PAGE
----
When we published our review of Mafia II earlier this week, we left out something we were planning to include since the beginning… performance information. The reason for the omission was twofold. First, prior to the official launch of the game, all we had was a “preview” copy, and it contained obvious flaws. Of course, it’s hard to feel confident in performance data at that point.
The second reason is that both AMD and NVIDIA released launch drivers for the game, so waiting for the official launch meant that we’d have even more reliable data. So, after our review of the game was published, I got down to benchmarking and put the game through its paces, both with and without PhysX.
As mentioned above and also in our review, Mafia II includes PhysX support, and NVIDIA has been heartily touting that fact for a while. But because PhysX acceleration is primarily limited to NVIDIA’s own graphics cards, it’s not going to be a major focus of our testing. Though we plan to introduce Mafia II into our graphics card testing suite, we won’t likely be including it with PhysX support since from the get-go it’s unfair to AMD.
For the purpose of this brief article, though, we’ll include both performance with and without PhysX, although for the latter, we’ll be using the built-in benchmark as there are no heavily-utilized PhysX sequences in the game that are easily accessible on a repeatable basis. If the game had included a better saved game scheme, this issue wouldn’t have existed.
Because it does, though, we had to find a chapter that allowed us to perform a manual run-through right away, without a ton of dialog. We chose chapter 7 because it starts us out on a street corner with many buildings, cars and people visible. From this point, we jaunt up to the sidewalk and around the corner to the garage where we hop in our car, and then drive the same route that ultimately leads us to the middle of Lincoln Park.
As it stands, we might be changing our run-through before it hits our GPU suite, as we have a bit more exploration to perform. If we can find a more replicable method of benchmarking the game, such as to find a portion of a chapter where it auto-saves in the middle, we might do that. As it is, it’s a bit tedious to wait for the chapter title and then skip the cutscene each time. For this article, I did that about 80 or so times!
To keep this “article” to a single page, I’m going to rush through the explanation of how we do things. For a more thorough look, please refer to one of our recent GPU reviews. Like all of the games we test, we performed manual benchmarking here, with the exception of our PhysX-specific testing where we used the timedemo.
For our manual tests, we used FRAPS to record the framerates. Each card and resolution were tested twice over, and if the results matched up, they were kept. If not, we continued testing until we had reliable data. Mafia II is unpredictable with things like traffic and people on the sidewalk, so some of our runs had to be scrapped and performed over.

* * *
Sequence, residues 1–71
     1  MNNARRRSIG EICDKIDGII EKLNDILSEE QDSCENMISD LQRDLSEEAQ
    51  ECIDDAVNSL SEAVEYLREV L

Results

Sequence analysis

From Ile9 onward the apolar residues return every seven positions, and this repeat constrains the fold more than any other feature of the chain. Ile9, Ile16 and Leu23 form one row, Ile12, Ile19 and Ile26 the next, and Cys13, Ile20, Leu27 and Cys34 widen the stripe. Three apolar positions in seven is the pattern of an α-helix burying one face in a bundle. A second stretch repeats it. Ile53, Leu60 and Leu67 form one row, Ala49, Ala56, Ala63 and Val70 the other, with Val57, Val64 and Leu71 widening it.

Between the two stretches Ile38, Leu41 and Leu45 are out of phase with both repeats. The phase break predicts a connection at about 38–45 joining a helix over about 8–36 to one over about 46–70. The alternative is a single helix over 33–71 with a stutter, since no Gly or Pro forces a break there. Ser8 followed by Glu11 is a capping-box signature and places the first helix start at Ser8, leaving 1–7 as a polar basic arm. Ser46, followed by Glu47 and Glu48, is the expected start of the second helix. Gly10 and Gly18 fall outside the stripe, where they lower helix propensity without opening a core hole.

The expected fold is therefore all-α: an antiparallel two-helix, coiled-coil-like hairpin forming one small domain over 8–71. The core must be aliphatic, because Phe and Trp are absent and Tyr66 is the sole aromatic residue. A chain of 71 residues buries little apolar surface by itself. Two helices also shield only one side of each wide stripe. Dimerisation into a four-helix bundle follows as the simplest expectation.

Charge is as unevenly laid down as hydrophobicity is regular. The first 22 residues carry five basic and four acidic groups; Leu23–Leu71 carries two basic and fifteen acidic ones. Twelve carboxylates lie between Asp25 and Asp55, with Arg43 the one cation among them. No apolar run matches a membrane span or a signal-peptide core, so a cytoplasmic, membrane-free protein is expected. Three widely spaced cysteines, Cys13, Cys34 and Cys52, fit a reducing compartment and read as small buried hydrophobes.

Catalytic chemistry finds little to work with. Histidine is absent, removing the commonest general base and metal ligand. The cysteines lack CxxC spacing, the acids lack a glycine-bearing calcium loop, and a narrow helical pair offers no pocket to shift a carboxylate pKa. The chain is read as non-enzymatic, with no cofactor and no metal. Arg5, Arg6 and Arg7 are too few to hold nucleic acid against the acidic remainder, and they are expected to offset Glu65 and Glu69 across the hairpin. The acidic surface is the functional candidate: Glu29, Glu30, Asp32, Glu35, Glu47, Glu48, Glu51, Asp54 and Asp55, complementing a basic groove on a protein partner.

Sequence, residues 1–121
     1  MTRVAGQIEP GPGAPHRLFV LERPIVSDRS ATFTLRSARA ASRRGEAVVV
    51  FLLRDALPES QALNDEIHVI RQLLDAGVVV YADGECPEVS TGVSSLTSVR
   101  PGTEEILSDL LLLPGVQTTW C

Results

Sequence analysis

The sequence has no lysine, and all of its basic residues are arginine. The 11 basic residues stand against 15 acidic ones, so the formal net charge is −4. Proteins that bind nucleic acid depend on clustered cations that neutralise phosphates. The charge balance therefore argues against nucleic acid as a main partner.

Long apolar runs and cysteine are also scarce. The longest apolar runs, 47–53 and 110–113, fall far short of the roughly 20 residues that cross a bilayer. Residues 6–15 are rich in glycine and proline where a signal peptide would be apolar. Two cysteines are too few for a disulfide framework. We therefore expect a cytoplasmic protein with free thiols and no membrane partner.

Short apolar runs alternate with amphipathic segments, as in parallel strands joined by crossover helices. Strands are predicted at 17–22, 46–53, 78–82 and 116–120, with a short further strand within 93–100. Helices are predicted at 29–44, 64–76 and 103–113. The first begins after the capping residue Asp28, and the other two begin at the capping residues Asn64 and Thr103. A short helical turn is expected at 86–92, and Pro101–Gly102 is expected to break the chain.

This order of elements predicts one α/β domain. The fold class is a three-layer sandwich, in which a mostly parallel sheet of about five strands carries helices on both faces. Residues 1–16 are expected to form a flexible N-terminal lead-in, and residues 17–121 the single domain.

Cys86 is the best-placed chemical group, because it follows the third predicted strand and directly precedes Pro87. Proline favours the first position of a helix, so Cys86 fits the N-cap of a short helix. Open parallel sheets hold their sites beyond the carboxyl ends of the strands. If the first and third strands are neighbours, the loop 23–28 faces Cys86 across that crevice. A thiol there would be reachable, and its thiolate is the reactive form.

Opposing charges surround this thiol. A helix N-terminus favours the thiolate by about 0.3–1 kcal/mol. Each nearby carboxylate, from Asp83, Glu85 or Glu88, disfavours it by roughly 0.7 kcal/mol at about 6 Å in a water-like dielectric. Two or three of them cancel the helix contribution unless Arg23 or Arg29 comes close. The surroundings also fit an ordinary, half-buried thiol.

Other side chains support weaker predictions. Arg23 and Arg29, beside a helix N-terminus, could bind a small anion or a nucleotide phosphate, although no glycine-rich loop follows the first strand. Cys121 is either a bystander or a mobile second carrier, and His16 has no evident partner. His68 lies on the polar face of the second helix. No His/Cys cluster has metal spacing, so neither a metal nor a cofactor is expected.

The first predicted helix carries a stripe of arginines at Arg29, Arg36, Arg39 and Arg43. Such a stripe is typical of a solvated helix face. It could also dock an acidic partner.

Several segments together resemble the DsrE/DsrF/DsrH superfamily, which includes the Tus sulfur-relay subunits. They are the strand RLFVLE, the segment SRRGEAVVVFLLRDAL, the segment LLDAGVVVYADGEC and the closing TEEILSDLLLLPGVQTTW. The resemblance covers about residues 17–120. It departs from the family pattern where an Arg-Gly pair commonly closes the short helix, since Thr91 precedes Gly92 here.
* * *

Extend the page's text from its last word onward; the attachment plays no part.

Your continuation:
Also, for the sake of both time and the fact that we imagined this game would have to be completely rebenchmarked over the next week, we only used four graphics card models from both AMD and NVIDIA, mid-range and higher.
Here are the specs of our test system…
… and here are the performance results:
In the AMD vs. NVIDIA battle, it’s clear that the green team has the best overall cards for Mafia II, even without PhysX. But, to be fair to AMD, the game is a “The Way it’s Meant to be Played” title, so the performance differences aren’t all too surprising. Even still though, the performance does pretty well line up as we’d expect it to regardless of it’s TWIMTBP status.
How about things on the PhysX side? Well as mentioned before, we simply used the in-game demo for the sake of being able to test out the PhysX element quickly, and we only performed testing on NVIDIA’s cards, since it’s unfair to AMD’s. We also tossed a GTS 250 into the mix to use as a dedicated card, to show the differences between running PhysX on your primary GPU or having a dedicated card for the job. The PhysX detail was set to “High”.
For NVIDIA’s 400 series of cards, the GTS 250 card gave a nice boost to each. For the GTX 260, however, which isn’t a far step up from the GTS 250, the differences are almost not even noticeable. If you happen to have a GTX 260 and a spare card similar to the GTS 250 kicking around, then it’s good to put it to use, but you shouldn’t go out of your way and purchase one for the purpose… the differences are just too small.
Hopefully this brief article has helped you in your search for the perfect GPU for your setup, PhysX or not. Please be aware that no matter your GPU, utilizing PhysX is going to hit performance in a rather noticeable way in many portions of the game, so if you are going to take the PhysX route, having a dedicated card is going to be important. You’ll lose almost 30 – 40% performance with PhysX enabled, but a dedicated card can give almost half of that back.
For reference, throughout all of this testing, I came to surmise that 40 FPS is the minimum you’d want to experience this game without noticeable lag, although depending on how much that bothers you, you might be able to go as low as 30 FPS, but certainly not much lower.
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